Bitcoin’s $19k 2017 and $200k 2018?
BITCOIN has grabbed a fair proportion of the tech headlines this year, but some of the ramifications of the cryptocurrency and its value are not necessarily technological – rather they are financial and regulatory.
The elephant in the room is the rise of bitcoin’s value against fiat currency. The mainstream’s slow realization of the existence of bitcoin has probably led to it becoming more noticeable in 2017, but the actual rate of increase is not particularly out of the ordinary.
Since its first trades in 2010, the value of bitcoin has seen annual rises in value of 9,500 percent (2010), 1410 percent (2011) and nearly 6,000 percent (2013). So, 2017’s 1,643 percent rise to a whisker under US$17,000 for a bitcoin is not necessarily remarkable.
So, how far will bitcoin’s value rise? Some hedge fund managers have said that 2020 may see the value of a single bitcoin hit US$1 million, which, while a headline-grabber, is not all that special considering the annual rate rises required to reach that milestone. If bitcoin was to hit US$100,000 by the end of 2018 (a rise of 500 percent or so), then the rate required to reach US$1 million would be only around 670 percent per year – which, from a historical standpoint, is pretty small beer for the cryptocurrency that even the staidest of financiers have been captivated by.
The captivation of “old money” players is a key factor in both driving the currency’s value and bringing awareness of the currency to a broader audience, albeit one that does not necessarily understand the whys and hows of the distributed ledger.
At present, bitcoin trading is taking place with the currency as just another commodity. And therein lies at least some of the currency’s problems for broader acceptance: if a currency is unstable, institutions and people are not willing to base trade on it, as any held funds may be subject to rapid deflation as dictated by volatile trading.
Bitcoin itself also has problems as an everyday currency. It is currently struggling to scale, in part due to the speed of transactions being too slow, and often too costly – typically, the quicker the processing, the more it costs.
So, if bitcoin is failing as a method of exchange, what else does it achieve? Its anonymity and safety have been proven not to be entirely watertight, as the recent hacking of Nicehash proves. And while cryptocurrency’s lack of a centralized control mechanism is seen by the crypto-anarchists as a way of freeing the masses from the shackles of government control, that probably isn’t enough to guarantee a future.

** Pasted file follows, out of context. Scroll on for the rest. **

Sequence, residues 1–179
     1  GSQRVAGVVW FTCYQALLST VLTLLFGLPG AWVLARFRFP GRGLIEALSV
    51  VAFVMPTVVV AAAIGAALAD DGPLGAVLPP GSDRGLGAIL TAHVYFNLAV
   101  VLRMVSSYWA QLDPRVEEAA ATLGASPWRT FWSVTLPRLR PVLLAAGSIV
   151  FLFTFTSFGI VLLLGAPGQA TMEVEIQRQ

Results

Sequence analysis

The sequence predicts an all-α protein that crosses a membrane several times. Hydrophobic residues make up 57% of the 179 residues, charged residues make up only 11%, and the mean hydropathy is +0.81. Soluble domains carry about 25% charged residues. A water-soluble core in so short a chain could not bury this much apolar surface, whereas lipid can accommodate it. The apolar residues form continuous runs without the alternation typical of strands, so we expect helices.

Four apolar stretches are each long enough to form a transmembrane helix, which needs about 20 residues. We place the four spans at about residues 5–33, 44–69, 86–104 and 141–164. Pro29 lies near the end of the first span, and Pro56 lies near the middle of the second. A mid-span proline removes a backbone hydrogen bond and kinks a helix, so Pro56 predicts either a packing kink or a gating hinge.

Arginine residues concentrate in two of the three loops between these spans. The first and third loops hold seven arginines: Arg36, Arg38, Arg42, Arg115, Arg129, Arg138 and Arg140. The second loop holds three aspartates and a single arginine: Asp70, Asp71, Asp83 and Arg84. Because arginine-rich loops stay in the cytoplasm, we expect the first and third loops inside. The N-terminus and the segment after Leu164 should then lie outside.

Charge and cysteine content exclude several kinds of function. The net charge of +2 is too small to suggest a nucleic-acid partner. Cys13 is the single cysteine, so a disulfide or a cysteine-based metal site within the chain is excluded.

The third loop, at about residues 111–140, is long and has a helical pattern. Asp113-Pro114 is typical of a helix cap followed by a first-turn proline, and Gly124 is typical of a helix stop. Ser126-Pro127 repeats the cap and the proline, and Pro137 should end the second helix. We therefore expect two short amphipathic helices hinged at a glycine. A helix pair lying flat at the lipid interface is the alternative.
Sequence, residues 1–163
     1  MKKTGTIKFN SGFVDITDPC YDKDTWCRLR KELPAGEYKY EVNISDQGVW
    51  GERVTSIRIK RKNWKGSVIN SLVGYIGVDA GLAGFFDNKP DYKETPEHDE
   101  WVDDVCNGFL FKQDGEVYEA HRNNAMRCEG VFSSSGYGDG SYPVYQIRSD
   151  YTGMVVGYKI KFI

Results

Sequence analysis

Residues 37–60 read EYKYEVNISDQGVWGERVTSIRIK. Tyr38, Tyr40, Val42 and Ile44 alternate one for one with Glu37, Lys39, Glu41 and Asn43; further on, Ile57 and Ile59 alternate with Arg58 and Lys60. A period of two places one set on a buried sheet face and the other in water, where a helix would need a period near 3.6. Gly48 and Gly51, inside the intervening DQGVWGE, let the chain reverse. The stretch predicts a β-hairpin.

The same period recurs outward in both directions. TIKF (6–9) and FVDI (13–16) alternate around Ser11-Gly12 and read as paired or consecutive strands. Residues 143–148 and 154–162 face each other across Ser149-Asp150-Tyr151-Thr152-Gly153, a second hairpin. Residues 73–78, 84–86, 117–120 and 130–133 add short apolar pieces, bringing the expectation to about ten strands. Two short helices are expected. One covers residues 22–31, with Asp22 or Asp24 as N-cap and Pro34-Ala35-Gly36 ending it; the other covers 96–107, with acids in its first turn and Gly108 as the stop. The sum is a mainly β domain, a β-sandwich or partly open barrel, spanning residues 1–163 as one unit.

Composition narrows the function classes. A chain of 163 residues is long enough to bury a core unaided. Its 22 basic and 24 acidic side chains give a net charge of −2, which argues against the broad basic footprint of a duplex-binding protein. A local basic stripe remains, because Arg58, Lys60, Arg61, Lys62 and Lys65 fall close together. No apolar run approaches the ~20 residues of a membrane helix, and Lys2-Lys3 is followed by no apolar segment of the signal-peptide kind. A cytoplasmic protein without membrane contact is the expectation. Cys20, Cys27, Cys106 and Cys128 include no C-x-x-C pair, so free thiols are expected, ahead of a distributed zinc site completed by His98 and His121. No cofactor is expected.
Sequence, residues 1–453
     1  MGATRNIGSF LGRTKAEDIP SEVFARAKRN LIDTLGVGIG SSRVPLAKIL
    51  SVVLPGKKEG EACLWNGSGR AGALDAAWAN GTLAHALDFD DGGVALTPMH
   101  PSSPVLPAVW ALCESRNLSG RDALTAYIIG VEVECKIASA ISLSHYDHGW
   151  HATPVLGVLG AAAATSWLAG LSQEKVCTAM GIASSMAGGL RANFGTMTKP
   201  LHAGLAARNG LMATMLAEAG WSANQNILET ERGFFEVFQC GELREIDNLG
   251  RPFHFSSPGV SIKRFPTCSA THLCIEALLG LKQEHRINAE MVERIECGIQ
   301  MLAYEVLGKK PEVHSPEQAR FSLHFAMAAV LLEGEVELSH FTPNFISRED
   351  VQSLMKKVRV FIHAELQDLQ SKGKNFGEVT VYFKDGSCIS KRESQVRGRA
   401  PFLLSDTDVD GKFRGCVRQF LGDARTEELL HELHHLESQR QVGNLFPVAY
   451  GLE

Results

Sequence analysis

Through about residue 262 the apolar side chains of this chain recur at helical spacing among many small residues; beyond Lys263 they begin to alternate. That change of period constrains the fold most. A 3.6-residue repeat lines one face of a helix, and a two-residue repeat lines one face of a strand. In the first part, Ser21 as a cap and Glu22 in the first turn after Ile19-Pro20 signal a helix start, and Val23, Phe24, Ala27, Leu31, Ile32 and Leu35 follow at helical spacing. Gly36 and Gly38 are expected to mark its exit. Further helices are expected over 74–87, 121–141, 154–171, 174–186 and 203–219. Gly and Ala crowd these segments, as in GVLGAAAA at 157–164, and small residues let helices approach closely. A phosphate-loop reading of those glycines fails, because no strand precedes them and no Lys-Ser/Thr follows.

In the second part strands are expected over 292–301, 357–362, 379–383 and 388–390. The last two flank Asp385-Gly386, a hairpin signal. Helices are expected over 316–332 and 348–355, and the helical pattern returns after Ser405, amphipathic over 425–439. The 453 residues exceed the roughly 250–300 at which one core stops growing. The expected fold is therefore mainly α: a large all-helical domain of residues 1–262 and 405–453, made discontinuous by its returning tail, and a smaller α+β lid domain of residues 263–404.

Being an open source technology, the blockchain community has proposed solutions to bitcoin’s problems with speed and fecundity. Increases in block size and/or sidechaining, both proposed to help make the cryptocurrency scale have both failed as yet to take hold (in terms of broad acceptance). New currencies appear in order to “solve” problems or to address a specific issue: Monero is the “solution” to truly anonymous exchange, Telcoin is the “solution” to empower those whose only network access is by their phone provider.
The great new hope of Segwit2x (with an increased blockchain size and sidechaining possibilities), which would have made bitcoin transactions quicker and less dependent on the hashing power owned by huge organizations, has stalled, with its inventor – does anyone see a pattern here? – starting a new currency, Metronome.
So predictions are hard to make, but if 2018 sees a rise in bitcoin’s value, it will be notable, probably not for its relative percentile growth (2013’s 6,000 percent growth will be difficult to match), but for the way that the currency will continue to garner headlines and wannabe speculators.
And in that, a positive comes out of 2017. If a few thousand geeks with the prescience (or luck) to get rich on the back of a speculative commodity that happens to be technologically complex, then at least the way is better paved for a cryptocurrency future’s wider acceptance.
If this author had to make a call, the following may not be out of the question:
- Bitcoin to hit US$200,000 at some stage before 2018’s end (perhaps as early as May), but then fall back, albeit still in six figures, as profits are taken.
- A different currency to come more widely accepted as a trading medium in bitcoin’s place, with bitcoin becoming a quasi-gold standard rather than a means of exchange: Ethereum, LiteCoin or bitcoin cash are likely candidates, with bitcoin cash the most likely.
- Governments, largely, to be increasingly distrustful of cryptocurrencies and to regulate as best they can against them.
- The financial markets to become increasingly involved in speculative activity, sensing a fast buck.